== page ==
A new 2050 Carbon Calculator from DECC is a promising tool but it hides weak ambition and side steps important political choices. Jonathan Atkinson reports from the British Energy Challenge roadshow that was held last Friday in Manchester Town Hall.
What does a low-carbon 2050 future look like? Many of us might have a view of what’s needed 35 year hence to mitigate and adapt to the challenges of climate change. Perhaps it’s a landscape of wind turbines or maybe a giant solar mirror orbiting the earth (or maybe some really crazy sci-fi stuff like carbon capture storage!).
While we can all argue about that future, the DECC 2050 calculator seeks to convert idle speculation in to hard fact and real dilemmas. At the Great British Energy Challenge event staged at Manchester Town Hall in association with the Low Carbon Hub, DECC sought get a view on our city’s 2050 future from a selection around 150 of Greater Manchester’s ‘green and the good’.
The tool (excitedly an open source project – whoop!) allows the user to model the two sides of the 2050 challenge: reducing energy demand on one side and increasing renewable and low-carbon energy generation on the other. With 42 ‘levers’ the user can create a series of energy scenarios, game playing to meet the UK’s energy needs and importantly its carbon emission reduction targets.
The beauty of the tool is that it distils the stark choices the UK faces. If the user attempts to close every power station whilst rejecting the need for more onshore turbines, carbon targets are met but the lights go out.
The event was ably facilitated by Mark Lynas and presented by DECC’s Chief Scientific Officer and the tool’s architect Professor David MacKay. He made for an engaging speaker, inviting participants to wrestle with an issue at a time, in small group discussions though as the session drifted this broke-down in to show of hands style voting from the room.
Mark Lynas also did a good job of facilitation on such a large-scale though, as a well-known nuclear power advocate, his neutrality slipped when discussion turned to the pros and cons of new nuclear power stations (‘nukes’ as McKay termed them in his street-scientist language – he also exclaimed ‘Yo!’ at one point).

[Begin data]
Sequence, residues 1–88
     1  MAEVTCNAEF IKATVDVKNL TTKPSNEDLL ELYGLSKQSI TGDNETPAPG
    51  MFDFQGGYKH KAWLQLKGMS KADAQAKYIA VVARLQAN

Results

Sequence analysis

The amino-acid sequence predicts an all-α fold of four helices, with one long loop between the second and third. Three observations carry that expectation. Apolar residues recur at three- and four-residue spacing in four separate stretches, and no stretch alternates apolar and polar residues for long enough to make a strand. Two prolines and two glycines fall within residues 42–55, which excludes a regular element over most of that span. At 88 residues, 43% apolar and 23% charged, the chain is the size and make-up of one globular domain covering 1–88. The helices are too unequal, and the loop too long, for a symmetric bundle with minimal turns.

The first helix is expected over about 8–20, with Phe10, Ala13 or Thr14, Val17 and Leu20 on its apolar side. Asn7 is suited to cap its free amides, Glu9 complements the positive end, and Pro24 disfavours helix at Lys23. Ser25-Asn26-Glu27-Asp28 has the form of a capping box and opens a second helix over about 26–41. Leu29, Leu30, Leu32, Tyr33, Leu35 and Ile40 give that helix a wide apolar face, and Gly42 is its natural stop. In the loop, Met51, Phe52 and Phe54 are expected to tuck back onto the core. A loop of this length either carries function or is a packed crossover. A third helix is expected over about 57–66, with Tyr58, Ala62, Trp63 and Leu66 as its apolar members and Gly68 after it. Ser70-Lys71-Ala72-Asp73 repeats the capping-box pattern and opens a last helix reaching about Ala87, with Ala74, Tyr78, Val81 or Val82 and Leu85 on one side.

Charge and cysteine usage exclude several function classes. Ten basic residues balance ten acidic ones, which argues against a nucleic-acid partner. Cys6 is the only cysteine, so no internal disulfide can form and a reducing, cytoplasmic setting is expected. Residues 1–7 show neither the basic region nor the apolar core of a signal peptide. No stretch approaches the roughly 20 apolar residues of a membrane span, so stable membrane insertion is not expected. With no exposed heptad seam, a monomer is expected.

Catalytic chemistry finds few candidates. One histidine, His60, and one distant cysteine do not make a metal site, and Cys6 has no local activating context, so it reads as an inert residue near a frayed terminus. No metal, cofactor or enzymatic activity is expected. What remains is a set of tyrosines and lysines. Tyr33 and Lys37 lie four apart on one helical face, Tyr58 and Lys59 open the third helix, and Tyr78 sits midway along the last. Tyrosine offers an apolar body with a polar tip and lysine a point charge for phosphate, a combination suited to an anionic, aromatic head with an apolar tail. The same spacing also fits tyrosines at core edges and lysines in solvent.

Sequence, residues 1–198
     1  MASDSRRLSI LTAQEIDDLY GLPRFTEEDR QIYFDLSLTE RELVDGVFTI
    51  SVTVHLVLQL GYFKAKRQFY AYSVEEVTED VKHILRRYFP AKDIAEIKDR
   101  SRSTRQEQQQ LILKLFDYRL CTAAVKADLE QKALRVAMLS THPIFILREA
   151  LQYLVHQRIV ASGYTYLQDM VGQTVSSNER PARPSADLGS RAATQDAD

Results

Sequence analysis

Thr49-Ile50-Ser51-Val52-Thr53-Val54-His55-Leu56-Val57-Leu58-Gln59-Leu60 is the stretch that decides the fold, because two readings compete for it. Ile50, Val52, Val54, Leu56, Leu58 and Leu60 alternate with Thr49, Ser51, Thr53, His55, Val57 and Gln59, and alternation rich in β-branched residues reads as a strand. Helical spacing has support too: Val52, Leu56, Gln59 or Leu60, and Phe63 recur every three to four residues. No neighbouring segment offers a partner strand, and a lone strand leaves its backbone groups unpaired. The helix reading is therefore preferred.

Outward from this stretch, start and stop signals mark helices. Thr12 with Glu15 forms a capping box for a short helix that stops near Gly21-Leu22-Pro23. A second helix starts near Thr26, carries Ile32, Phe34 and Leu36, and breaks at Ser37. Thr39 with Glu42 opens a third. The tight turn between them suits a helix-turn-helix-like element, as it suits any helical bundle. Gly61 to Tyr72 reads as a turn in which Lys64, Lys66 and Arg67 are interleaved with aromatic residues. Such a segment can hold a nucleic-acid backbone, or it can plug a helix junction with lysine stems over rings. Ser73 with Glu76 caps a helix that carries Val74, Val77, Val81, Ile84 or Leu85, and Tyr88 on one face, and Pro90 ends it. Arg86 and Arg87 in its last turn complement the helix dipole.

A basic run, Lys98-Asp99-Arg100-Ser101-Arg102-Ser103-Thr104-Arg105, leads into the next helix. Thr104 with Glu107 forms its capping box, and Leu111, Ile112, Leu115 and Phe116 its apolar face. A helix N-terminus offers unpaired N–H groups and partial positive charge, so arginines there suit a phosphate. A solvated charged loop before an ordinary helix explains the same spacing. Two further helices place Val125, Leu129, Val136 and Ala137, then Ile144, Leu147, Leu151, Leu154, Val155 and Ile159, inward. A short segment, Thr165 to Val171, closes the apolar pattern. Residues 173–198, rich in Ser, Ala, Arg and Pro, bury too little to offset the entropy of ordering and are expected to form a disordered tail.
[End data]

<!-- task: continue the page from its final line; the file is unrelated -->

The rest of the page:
It’s that perceived neutrality that gets to heart of the weakness in the calculator. As with many areas of climate science it attempts to create an objective, data-driven decision-making tool from what are essentially political decisions.
How much of our modern Western lifestyle are we prepared to compromise for a climate safe future? What risks are we prepared to make with the technology we utilise in the future? Who will control the energy supply and generation resources in 2050? How equitable will the transition to 2050 be and who will bear the burden of this transition?
The problem with the calculator is that it seeks bury these choices rather than expose them and only having its inventor present in the room with experts the likes of Kevin Anderson, Michael O’Doherty, John Broderick, Charlie Baker etc etc allowed these to be revealed.
Most shocking of all is the calculator’s lack of ambition, in other words the extent to which the ‘levers’ can be shifted, for example some of the most ambitious scenarios included:
– Properties retrofitted to 50% savings by 2050 (80%+ is ambitious)
– Cycling up to 5% of total journeys by 2050 (it’s at 36% in Copenhagen today)
– Total journeys to only stabilise by 2050 (no room for better planning, live/work scenarios?)
– Air travel to increase by 86% by 2050 (as a best case scenario!)
I’m all for being pragmatic, and the calculator allows you to be modest or pessimistic of your view of life in the year 2050, but to set these as best-case benchmarks for 35 years of progress is deeply depressing.
But lowered ambitions on energy demand reduction have the knock-on effect of the need for relatively more generation. Inevitably, if you can’t reduce demand you need more nuclear power stations OR huge amounts of renewables (onshore wind equivalent to 1/3 the land mass of Wales) OR we hang our hopes on experimental technology. Personally I am very dubious carbon capture storage will ever be a viable technology let alone be filling up empty North Sea fields with liquid carbon dioxide at a rate four times faster than it was emptied of oil (maybe on these grounds Nuclear Fusion technology from sea water should have been included!).
When highlighted, McKay was sanguine on these points, maintaining it was an achievement that the calculator ever made it through Whitehall departments at all and that potential existed to influence future iterations and ambitions.
Given its open source nature it should be relatively easy for more progressive types to open up the bonnet and demonstrate what a super-powered, low-carbon 2050 juggernaut might look like. Maybe at that point we can start to discuss some of the crucial decisions that lie beneath these decisions.
As with much in the movement to limit climate change, it feels like the government have started something but that it’s up to us to finish the job and reach its full potential. Let’s just hope we manage to do that before we end up with a new nuclear power time bomb or billions more wasted on dubious techno-fixes.